Easy as Pie: How to Make the Perfect Pie Crust

from the pages of the December 2015 issue of Simply Family Magazine. Check out the digital edition here!

photos and recipe by Carole Davenport

If you are like most people, the idea of making a pie might seem like a time consuming and risky dessert to attempt. I hope you will reconsider by trying my Cream Cheese Pie Crust recipe—it is virtually foolproof and “easy as pie”. You’ll see why friends and family alike have given rave reviews for over 20 years. And remember, except for accurate ingredient measurements, this doesn’t need to be perfect—it’s user-friendly!


Makes: two-crust pie crust


  • 2-½ cups all-purpose flour
  • ½ teaspoon salt
  • 1 tablespoon sugar
  • 8 oz cream cheese
  • 8 oz butter
  • 2 teaspoon apple cider vinegar
  • 2-4 teaspoon cold water


  1. Pour flour, salt, and sugar into the bowl of your food processor* and pulse a few times to combine. Cut the cold butter into larger sized pieces on top of the flour. Pulse until the mixture resembles the size of peas. Add the cold cream cheese and pulse until the mixture looks like big crumbs.
  2. Remove the lid and sprinkle the vinegar and 2 tsp of cold water over the dough. Pulse until you see the dough coming together. (You still will see flour and butter that are not yet mixed up). Reach in and remove a fistful. If you squeeze and release, the dough should easily stay together. If not, put back into the food processor and add another 2 tsp of cold water and pulse again 4-5 times.
  3. Have two pieces of plastic wrap ready. Put approximately ½ of the dough onto the first piece of wrap, shape into a thickness of approximately 1” thick, round disk. Wrap it up and repeat with the second half, then refrigerate the dough for a minimum of 20 minutes or overnight.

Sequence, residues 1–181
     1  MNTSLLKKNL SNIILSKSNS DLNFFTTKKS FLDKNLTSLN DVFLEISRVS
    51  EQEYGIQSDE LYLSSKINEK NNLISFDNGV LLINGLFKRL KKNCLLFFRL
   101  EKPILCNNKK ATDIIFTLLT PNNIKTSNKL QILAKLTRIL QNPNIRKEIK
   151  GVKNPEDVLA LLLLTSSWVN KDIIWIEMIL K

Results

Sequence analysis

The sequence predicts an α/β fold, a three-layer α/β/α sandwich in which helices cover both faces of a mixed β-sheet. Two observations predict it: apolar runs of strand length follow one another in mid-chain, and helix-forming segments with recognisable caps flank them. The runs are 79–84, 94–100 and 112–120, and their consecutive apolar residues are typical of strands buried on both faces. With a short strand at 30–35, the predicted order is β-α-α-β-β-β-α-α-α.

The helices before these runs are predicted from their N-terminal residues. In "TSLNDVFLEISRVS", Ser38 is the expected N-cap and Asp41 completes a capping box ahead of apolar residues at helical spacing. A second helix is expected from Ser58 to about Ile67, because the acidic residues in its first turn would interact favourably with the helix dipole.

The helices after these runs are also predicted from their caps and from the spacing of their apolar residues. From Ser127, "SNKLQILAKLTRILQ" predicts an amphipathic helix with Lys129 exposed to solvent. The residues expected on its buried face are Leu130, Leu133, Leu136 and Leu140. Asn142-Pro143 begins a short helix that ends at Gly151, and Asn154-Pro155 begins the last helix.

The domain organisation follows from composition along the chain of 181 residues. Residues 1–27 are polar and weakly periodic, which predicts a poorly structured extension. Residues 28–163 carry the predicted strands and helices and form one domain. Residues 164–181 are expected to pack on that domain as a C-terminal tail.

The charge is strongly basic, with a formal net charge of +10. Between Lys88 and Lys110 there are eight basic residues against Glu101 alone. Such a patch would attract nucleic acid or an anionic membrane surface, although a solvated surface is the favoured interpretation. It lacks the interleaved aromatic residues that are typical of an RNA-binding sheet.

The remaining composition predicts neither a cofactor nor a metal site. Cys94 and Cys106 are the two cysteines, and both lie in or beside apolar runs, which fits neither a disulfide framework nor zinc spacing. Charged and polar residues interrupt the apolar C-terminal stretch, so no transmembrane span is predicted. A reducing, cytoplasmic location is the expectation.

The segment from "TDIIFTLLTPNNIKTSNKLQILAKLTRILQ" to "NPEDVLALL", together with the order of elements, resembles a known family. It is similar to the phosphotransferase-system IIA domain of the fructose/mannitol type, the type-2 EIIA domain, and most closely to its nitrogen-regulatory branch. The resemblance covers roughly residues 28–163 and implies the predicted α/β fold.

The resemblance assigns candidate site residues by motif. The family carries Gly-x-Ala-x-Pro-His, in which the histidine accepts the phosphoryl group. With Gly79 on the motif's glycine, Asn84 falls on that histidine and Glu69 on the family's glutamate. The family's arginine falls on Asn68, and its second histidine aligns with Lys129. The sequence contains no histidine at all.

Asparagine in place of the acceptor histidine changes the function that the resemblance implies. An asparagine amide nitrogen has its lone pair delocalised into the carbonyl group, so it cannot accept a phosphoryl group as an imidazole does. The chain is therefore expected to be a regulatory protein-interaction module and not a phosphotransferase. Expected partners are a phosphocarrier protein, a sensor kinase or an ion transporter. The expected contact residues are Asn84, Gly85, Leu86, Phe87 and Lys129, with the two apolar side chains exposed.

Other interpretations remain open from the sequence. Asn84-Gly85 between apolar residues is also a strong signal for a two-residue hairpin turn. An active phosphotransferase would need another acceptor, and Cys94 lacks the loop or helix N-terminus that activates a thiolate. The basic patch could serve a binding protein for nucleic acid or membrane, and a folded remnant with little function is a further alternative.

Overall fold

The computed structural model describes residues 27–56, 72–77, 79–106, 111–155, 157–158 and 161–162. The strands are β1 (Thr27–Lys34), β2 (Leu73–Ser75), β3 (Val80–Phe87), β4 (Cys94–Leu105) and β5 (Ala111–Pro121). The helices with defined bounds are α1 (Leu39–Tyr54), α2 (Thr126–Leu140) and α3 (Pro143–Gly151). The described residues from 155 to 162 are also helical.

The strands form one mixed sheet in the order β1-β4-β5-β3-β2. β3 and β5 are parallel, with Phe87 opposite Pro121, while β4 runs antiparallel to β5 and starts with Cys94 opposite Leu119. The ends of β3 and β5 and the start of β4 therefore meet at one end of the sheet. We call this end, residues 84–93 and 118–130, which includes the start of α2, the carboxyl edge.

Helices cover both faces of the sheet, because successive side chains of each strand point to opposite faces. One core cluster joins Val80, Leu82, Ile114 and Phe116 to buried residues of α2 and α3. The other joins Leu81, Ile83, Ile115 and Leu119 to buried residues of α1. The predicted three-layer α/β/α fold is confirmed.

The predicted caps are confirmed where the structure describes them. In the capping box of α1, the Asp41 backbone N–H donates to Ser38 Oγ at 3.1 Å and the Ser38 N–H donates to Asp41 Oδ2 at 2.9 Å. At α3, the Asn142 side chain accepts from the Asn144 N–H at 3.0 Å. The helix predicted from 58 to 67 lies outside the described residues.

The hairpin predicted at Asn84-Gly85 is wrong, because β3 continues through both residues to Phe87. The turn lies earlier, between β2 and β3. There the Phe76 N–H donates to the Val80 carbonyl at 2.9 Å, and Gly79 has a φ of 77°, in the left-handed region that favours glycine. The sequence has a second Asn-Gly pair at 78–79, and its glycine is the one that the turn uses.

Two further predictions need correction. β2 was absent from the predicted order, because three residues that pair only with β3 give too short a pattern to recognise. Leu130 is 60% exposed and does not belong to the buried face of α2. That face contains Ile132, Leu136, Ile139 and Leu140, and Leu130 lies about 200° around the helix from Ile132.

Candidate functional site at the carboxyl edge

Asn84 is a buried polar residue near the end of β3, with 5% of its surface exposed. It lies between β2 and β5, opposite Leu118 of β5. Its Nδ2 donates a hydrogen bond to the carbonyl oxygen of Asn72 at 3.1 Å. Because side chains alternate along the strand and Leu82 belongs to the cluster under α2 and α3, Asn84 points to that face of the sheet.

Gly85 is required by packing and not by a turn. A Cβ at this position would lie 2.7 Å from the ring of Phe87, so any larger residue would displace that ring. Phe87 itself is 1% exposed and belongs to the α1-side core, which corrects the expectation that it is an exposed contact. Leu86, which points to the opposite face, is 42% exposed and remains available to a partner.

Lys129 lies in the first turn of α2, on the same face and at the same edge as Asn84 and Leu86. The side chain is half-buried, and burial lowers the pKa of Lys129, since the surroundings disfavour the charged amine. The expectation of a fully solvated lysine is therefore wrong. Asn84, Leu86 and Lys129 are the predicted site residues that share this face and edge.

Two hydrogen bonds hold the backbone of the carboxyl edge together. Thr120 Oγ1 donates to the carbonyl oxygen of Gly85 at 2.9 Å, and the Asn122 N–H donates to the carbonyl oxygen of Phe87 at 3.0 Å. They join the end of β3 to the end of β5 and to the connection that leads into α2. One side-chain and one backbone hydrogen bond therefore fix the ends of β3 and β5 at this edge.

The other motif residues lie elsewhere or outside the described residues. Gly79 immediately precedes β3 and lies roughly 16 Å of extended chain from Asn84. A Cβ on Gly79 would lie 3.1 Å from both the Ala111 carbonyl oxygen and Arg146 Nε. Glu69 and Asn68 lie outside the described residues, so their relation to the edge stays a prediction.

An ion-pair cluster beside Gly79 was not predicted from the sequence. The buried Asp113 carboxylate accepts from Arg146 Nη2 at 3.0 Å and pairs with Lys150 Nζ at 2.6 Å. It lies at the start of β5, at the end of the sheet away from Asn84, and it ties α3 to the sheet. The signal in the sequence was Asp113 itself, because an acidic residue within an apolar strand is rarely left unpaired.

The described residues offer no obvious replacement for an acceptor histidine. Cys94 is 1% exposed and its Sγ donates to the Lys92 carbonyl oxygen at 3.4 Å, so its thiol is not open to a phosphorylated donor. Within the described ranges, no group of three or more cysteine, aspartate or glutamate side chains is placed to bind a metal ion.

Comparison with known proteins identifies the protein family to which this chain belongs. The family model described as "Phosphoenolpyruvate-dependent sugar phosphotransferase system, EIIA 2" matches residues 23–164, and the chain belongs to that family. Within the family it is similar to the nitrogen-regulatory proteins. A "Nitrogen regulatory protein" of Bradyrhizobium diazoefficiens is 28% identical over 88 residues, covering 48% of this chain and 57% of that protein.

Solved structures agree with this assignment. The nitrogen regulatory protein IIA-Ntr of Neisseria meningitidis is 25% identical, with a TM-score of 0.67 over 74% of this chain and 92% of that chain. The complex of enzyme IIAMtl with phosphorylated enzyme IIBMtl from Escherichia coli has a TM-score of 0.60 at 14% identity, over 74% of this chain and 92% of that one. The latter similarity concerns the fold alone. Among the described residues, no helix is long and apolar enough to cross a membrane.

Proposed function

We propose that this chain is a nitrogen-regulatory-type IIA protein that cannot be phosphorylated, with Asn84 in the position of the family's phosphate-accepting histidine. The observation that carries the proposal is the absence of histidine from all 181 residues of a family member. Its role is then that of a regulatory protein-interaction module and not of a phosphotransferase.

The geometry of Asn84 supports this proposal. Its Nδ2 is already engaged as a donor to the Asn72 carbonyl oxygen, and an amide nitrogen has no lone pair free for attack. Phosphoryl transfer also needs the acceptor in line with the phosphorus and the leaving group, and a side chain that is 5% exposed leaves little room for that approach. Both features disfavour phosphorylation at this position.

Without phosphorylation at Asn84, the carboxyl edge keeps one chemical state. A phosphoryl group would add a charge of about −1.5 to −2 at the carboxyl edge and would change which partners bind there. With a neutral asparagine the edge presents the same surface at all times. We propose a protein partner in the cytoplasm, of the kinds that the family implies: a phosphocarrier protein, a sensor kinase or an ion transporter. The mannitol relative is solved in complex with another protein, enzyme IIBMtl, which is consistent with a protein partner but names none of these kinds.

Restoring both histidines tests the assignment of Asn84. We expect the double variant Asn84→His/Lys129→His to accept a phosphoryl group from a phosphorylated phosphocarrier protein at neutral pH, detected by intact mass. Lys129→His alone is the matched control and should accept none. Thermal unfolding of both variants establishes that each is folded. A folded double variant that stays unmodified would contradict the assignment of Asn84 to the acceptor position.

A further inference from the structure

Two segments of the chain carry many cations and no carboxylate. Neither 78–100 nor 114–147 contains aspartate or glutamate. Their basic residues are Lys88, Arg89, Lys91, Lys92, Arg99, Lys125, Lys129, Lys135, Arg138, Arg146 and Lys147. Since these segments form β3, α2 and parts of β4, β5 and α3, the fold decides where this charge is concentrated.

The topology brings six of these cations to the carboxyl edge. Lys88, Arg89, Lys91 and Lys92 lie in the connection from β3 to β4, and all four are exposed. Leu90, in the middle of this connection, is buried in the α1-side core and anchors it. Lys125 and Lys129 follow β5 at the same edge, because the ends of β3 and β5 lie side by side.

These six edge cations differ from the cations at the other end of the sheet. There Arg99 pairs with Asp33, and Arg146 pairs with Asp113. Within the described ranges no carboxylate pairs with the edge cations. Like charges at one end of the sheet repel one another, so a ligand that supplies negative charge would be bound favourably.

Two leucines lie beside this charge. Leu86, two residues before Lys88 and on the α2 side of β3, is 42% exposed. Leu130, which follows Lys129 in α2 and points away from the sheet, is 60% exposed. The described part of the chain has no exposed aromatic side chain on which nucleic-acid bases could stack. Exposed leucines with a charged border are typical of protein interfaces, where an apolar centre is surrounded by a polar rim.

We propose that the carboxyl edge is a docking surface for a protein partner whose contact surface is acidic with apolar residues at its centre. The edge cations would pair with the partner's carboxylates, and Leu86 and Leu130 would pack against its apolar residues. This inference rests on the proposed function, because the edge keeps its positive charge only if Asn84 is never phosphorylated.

4. I use a pastry cloth to roll out my pie dough, but if you don’t have one, tear off two large pieces of waxed paper, placing one of the disks of dough in the center. Cover with the same sized waxed paper. Starting in the middle of the dough, press down and outward rolling the dough into a thin crust. Turn your cloth or paper and roll the other way to create an even thin circle of crust. If the wax paper starts to wrinkle, simply lift off, smooth out, and reuse. Sprinkle flour as needed on rolling pin if dough becomes sticky.
  5. When your crust is approximately 2” wider than the pan you’re using, fold it into quarters, lightly dusting each side with a little flour to prevent it from sticking to itself. Transfer to the pie pan. Unfold and gently press into the pan. If the dough cracks, simply pinch off a small piece of extra dough and patch the hole/tear. Hint: you don’t want any leaks to seep on the pan as its baking.
  6. At this point you can add virtually any pie filling you want. (If you are using crust for a savory pie such as quiche, then eliminate the sugar from this recipe).
  7. Put your filling in carefully, trying to avoid spilling any on the upper edges of your crust. If you are making an apple pie, as I have here, you will remove the second disk of dough from your refrigerator, repeating the process to roll it out and place on top of the pie dish. Flute the edges or simply fold them over together as I have in the photo.
  8. Bake according to the pie filling directions. If the pie begins browning too much on top, simply lay a piece of aluminum foil over the top to stop the browning.

Note: For my apple pie, I’ve selected a nice mixture of apples—both sweet and tart—to make for a better flavor, rather than using all one type.  Come back tomorrow for the recipe for my favorite Apple Pie!

*I use a food processor rather than cutting the cold ingredients in by hand, but you can use either method.

About the author…Carole Davenport is a Montana native, writer, cook, and owner of Bitterroot Fresh Food Styling Photography. She and her daughters are currently compiling a Fresh is Best cookbook using their original recipes.